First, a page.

Her Majesty’s Chief Inspector, Sir Michael Wilshaw, issues a national challenge to drive up stalled standards of literacy and English.
Addressing a group of outstanding teachers and literacy experts in London he will recognise the improvements that have been made, but say national progress on literacy has stalled and the country is being overtaken by other leading nations.
Sir Michael will say that one in five children do not achieve the expected literacy levels by the end of primary school – 100,000 pupils last year alone – rising to one in three pupils from disadvantaged backgrounds. One in seven adults, as many as five million people, lack basic literacy skills.
The problem is evidenced by an Ofsted report launched today, Moving English Forward which has found that while in many schools English teaching is effective and pupils make good progress, standards in English are not high enough and, since 2008, there has been no overall improvement in primary pupils’ learning.
Speaking at Thomas Jones School, Ladbroke Grove, Sir Michael is expected to say:
There can be no more important subject than English. It is at the heart of our culture and literacy skills are crucial to pupils’ learning for all subjects. Yet too many pupils fall behind in their literacy early on. In most cases, if they can’t read securely at seven they struggle to catch up as they progress through their school careers. As a result, too many young adults lack the functional skills to make their way in the modern world. We are no longer a leading country in terms of our literacy performance: others are doing better.
We don’t need more research or more headline-grabbing initiatives which can’t be sustained. Good leadership is the key to good literacy in schools. Above all, this means being passionate about high standards of literacy for every single pupil, and creating a no-excuses culture both for pupils and for staff.
I am confident we can get to grips with this issue. I am determined that Ofsted will focus more sharply on literacy in our inspections, and I am proposing ten specific steps to raise national standards in literacy.
Sir Michael will emphasise that strong leadership is the key to good literacy in school. This means investing in and leading the professional development of staff in the systematic teaching of phonics; carefully tracking every pupil’s progress in literacy, especially at transition between the Key Stages; and structured intervention when pupils start to fall behind.
He will note that even achieving the current benchmark at the end of primary school is no guarantee of success. Last year 45% of pupils who achieved the lower end of level 4 at age 11 did not achieve a Grade C in their GCSE English.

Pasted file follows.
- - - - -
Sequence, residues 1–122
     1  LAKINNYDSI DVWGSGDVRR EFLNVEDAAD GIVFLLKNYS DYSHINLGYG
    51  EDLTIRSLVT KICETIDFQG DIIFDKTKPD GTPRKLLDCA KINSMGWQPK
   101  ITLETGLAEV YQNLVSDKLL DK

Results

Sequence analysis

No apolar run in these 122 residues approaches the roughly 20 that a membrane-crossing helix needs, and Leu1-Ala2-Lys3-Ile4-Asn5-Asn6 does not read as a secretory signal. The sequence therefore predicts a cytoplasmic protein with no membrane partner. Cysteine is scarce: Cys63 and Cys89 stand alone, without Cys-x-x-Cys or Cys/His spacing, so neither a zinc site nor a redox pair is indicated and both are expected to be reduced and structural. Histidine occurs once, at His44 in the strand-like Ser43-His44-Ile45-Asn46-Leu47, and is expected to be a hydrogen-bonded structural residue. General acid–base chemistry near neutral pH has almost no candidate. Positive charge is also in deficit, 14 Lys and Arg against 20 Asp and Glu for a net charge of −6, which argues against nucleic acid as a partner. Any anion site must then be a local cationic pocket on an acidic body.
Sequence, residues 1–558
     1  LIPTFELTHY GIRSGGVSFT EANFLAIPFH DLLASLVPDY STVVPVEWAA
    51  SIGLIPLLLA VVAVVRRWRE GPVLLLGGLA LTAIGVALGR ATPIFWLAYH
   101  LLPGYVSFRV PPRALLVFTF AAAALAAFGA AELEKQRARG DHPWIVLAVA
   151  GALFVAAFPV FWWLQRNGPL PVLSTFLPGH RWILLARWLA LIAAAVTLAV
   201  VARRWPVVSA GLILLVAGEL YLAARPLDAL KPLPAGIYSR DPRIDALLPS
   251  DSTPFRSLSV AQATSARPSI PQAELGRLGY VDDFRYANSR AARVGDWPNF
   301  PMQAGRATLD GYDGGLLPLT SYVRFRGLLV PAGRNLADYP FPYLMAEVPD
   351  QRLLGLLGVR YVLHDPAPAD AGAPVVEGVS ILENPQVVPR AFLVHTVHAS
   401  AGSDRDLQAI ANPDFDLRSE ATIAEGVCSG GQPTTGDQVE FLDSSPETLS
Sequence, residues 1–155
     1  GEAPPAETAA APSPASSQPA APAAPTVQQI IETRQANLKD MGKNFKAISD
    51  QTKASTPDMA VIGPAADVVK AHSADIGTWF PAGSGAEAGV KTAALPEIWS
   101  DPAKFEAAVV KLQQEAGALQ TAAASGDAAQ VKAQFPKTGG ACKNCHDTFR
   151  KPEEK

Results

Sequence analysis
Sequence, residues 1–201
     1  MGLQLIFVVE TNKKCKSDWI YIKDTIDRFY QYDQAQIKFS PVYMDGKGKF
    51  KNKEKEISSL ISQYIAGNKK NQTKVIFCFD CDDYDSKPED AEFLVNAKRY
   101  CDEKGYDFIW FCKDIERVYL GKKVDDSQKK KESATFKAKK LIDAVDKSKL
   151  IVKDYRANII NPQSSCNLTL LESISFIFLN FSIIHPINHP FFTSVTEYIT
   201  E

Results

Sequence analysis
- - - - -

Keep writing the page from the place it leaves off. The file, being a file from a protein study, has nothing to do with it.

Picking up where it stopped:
Therefore the ten steps to raise literacy standards includes the recommendation that the government considers whether the end of primary school target of Level 4 is sufficiently high to provide an adequate foundation for success at secondary school.
Schools should report to parents on their child’s reading age alongside information on national curriculum levels. From September, Ofsted will prioritise for inspection schools with the lowest achievement levels in literacy.
Ofsted will reinforce and further embed its present inspection practice of hearing children read. Schools’ assessment systems will be inspected to ensure that careful monitoring and effective intervention take place.
In colleges and work-based learning, Ofsted will give even greater emphasis to the inspection of literacy skills, as part of the inspection of programmes of study.
Ofsted will sharpen its focus on phonics in routine inspections of all initial teacher education provision – primary, secondary and further education. It is unlikely that any provider of primary initial teacher education will be judged outstanding unless the quality of its phonics training is also outstanding.
In addition to routine inspections, Ofsted will also start a series of unannounced inspections focused solely on the training of phonics teaching in providers of primary initial teacher education, which could trigger a full inspection.
Ofsted will publish a detailed survey of what works best in secondary schools to improve literacy across the curriculum.
Welcoming Ofsted’s English report at the literacy round table event today, the Director of the National Literacy Trust, Jonathan Douglas, said:
‘Addressing the barriers to raising literacy standards must be a top priority for schools, communities and employers. A focus on reading, writing, speaking and listening is essential across all subjects and we support the Chief Inspector in his call to renew a national drive for higher standards and greater engagement with parents.’
Notes to editors
The report ‘Moving English forward: Action to raise standards in English’, based on visits to over 250 schools, can be found online.
The Office for Standards in Education, Children’s Services and Skills (Ofsted) regulates and inspects to achieve excellence in the care of children and young people, and in education and skills for learners of all ages. It regulates and inspects childcare and children’s social care, and inspects the Children and Family Court Advisory Support Service (Cafcass), schools, colleges, initial teacher training, work-based learning and skills training, adult and community learning, and education and training in prisons and other secure establishments. It assesses council children’s services, and inspects services for looked after children, safeguarding and child protection.
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